These Common Medicines Can Cause Ringing in The Ears

Woman with ringing in her ears after taking this common medication.

You detect a ringing in your ears when you wake up in the morning. They were okay yesterday so that’s odd. So you start thinking about likely causes: lately, you’ve been keeping your music at a lower volume and you haven’t been working in a loud environment. But you did have a headache yesterday, and you did take some aspirin last night.

Might the aspirin be the trigger?

And that idea gets your brain going because maybe it is the aspirin. And you remember, somewhere in the deeper crevasses of your memory, hearing that some medications were linked to reports of tinnitus. Is one of those medications aspirin? And if so, should you stop using it?

What’s The Connection Between Tinnitus And Medications?

Tinnitus is one of those conditions that has long been rumored to be linked to a variety of medications. But what is the truth behind these rumors?

It’s commonly assumed that a large variety of medications cause tinnitus or tinnitus-like symptoms. The truth is that there are a few types of medications that can cause tinnitus or tinnitus-like symptoms. So why does tinnitus have a reputation for being this super-common side effect? Well, there are a couple of theories:

  • Your blood pressure can be changed by many medicines which in turn can cause tinnitus symptoms.
  • The affliction of tinnitus is fairly common. Chronic tinnitus is a problem for as many as 20 million people. When that many people deal with symptoms, it’s unavoidable that there will be some coincidental timing that happens. Enough people will start taking medications around the same time that their unrelated tinnitus begins to act up. Because the timing is, coincidentally, so close, people make some inaccurate (but understandable) assumptions about cause-and-effect.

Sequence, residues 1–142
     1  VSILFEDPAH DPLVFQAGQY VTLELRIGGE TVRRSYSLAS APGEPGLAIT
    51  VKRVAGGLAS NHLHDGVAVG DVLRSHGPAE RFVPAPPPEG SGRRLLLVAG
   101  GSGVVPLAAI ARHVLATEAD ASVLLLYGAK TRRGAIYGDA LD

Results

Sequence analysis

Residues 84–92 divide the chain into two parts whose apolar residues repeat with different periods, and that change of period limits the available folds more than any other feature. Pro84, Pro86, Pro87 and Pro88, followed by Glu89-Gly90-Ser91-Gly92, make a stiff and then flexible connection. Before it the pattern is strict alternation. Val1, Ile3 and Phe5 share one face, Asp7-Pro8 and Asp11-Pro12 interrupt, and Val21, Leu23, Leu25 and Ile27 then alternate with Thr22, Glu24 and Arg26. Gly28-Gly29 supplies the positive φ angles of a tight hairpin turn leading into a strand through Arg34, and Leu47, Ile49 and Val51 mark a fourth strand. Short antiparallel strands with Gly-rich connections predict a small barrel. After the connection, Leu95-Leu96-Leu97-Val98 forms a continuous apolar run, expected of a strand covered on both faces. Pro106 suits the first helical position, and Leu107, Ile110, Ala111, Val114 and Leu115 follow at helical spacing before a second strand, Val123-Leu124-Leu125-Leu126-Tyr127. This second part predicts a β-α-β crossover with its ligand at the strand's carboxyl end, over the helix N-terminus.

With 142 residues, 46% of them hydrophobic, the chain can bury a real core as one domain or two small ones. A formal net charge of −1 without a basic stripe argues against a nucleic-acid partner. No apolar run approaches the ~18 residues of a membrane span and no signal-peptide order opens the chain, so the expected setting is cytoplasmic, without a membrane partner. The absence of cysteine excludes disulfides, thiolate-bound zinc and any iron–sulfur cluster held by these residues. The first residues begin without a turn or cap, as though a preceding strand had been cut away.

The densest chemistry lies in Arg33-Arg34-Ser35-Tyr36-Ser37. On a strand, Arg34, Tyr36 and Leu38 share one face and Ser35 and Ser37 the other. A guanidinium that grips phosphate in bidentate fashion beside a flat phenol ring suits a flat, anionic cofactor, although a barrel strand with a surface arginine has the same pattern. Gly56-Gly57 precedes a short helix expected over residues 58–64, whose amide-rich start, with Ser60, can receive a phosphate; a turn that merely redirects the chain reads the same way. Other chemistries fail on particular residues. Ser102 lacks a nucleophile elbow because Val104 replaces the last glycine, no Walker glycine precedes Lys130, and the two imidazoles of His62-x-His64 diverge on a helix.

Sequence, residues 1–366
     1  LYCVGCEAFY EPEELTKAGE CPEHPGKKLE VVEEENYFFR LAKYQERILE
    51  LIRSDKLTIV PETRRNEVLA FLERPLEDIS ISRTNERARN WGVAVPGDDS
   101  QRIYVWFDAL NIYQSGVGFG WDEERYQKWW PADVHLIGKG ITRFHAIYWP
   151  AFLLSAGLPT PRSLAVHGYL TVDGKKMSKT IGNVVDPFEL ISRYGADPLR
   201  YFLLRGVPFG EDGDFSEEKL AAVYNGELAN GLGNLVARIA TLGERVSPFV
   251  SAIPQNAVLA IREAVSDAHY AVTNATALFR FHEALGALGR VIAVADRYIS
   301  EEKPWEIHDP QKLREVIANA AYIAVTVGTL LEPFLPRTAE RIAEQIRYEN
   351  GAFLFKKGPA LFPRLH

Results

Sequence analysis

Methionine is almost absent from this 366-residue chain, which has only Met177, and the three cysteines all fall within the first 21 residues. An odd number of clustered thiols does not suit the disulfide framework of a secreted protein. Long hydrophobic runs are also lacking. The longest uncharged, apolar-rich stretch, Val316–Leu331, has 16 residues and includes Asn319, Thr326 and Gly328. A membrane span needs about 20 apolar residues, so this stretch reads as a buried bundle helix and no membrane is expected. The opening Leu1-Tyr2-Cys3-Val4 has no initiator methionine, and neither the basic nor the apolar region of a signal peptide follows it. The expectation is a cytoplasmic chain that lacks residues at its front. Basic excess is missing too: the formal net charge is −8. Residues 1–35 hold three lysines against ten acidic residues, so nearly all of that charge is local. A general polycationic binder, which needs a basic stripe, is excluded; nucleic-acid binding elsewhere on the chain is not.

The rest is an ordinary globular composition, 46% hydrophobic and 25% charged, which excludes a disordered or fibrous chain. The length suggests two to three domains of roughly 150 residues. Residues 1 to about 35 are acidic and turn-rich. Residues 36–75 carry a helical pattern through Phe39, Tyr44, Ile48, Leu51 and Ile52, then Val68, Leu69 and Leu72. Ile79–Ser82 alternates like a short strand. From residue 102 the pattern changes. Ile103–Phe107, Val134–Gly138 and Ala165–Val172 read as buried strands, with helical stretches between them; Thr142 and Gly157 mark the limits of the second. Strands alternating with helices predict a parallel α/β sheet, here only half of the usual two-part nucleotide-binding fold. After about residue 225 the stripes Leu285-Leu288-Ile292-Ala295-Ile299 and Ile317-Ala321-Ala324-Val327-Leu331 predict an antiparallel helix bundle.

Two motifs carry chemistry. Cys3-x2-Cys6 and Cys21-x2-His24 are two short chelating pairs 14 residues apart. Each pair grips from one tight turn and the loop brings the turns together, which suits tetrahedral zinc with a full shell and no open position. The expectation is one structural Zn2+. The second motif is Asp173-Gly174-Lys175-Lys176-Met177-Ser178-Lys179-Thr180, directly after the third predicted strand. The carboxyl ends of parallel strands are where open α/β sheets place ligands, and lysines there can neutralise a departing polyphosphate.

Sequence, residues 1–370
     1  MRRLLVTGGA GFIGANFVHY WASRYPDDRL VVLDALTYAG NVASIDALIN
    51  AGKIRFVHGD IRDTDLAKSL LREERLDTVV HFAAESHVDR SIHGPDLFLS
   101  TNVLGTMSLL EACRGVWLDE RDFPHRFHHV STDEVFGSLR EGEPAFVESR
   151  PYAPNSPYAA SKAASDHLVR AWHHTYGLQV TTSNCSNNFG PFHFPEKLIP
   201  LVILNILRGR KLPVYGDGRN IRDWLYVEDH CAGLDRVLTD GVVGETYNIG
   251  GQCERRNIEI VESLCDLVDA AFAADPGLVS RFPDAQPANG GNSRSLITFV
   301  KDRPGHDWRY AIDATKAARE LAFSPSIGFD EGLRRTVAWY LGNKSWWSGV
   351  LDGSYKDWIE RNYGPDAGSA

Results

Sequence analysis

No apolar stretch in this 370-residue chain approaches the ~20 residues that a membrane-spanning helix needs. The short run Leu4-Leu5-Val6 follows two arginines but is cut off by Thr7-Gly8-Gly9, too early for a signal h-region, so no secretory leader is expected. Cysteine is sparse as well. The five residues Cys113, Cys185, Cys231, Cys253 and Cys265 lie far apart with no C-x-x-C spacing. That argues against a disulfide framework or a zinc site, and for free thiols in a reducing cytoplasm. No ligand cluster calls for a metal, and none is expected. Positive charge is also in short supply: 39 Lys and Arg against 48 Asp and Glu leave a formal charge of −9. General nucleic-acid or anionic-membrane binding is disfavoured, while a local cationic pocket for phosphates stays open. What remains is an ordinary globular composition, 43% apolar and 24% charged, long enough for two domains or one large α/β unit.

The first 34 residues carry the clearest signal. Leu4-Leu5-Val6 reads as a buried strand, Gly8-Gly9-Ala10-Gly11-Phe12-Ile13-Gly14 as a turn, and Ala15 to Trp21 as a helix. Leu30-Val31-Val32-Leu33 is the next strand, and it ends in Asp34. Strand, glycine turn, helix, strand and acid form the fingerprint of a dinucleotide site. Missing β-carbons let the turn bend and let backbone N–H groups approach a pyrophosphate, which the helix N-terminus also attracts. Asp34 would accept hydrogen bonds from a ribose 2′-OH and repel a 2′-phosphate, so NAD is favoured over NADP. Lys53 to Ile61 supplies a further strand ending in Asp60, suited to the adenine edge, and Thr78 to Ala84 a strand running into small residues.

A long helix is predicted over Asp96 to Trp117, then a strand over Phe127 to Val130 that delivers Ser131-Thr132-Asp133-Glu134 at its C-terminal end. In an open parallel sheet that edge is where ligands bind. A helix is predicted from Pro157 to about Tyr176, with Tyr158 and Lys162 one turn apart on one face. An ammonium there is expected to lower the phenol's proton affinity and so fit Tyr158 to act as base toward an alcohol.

• Beginning a new medication can be stressful. Or, in some instances, it’s the root cause, the thing that you’re taking the medication to fix, that is stressful. And stress is commonly associated with tinnitus. So it isn’t medication causing the tinnitus. It’s the stress of the whole experience, though the misunderstanding between the two is rather understandable.

What Medicines Are Linked to Tinnitus

There are a few medications that do have a well-founded (that is, scientifically established) cause-and-effect connection with tinnitus.

Strong Antibiotics And The Tinnitus Connection

There are certain antibiotics that have ototoxic (ear harming) properties. Known as aminoglycosides, these antibiotics are very strong and are normally saved for specific instances. High doses are known to cause damage to the ears (including some tinnitus symptoms), so such dosages are normally limited.

Blood Pressure Medication

When you suffer from high blood pressure (or hypertension, as it’s known medically), your doctor may prescribe a diuretic. When the dosage is substantially higher than normal, some diuretics will cause tinnitus.

Ringing in The Ears Can be Trigger by Taking Aspirin

And, yes, the aspirin might have been what caused your tinnitus. But here’s the thing: It still depends on dosage. Typically, high dosages are the significant issue. The dosages you would take for a headache or to manage heart disease aren’t often big enough to trigger tinnitus. The good news is, in most instances, when you quit taking the large doses of aspirin, the tinnitus symptoms will go away on their own.

Consult Your Doctor

Tinnitus may be able to be caused by several other unusual medications. And there are also some odd medicine mixtures and interactions that could generate tinnitus-like symptoms. So consulting your doctor about any medication side effects is the best plan.

You should also get checked if you start experiencing tinnitus symptoms. It’s hard to say for sure if it’s the medicine or not. Often, hearing loss is present when tinnitus symptoms appear, and treatments like hearing aids can help.

The site information is for educational and informational purposes only and does not constitute medical advice. To receive personalized advice or treatment, schedule an appointment.

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